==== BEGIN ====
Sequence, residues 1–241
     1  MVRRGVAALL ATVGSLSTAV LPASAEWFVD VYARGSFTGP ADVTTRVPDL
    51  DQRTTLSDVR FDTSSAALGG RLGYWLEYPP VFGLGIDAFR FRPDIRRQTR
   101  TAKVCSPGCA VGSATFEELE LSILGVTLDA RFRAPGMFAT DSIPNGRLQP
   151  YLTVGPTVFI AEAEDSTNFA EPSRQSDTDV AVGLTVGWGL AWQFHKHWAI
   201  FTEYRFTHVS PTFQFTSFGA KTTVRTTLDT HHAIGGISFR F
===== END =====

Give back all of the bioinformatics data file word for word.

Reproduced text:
Sequence, residues 1–241
     1  MVRRGVAALL ATVGSLSTAV LPASAEWFVD VYARGSFTGP ADVTTRVPDL
    51  DQRTTLSDVR FDTSSAALGG RLGYWLEYPP VFGLGIDAFR FRPDIRRQTR
   101  TAKVCSPGCA VGSATFEELE LSILGVTLDA RFRAPGMFAT DSIPNGRLQP
   151  YLTVGPTVFI AEAEDSTNFA EPSRQSDTDV AVGLTVGWGL AWQFHKHWAI
   201  FTEYRFTHVS PTFQFTSFGA KTTVRTTLDT HHAIGGISFR F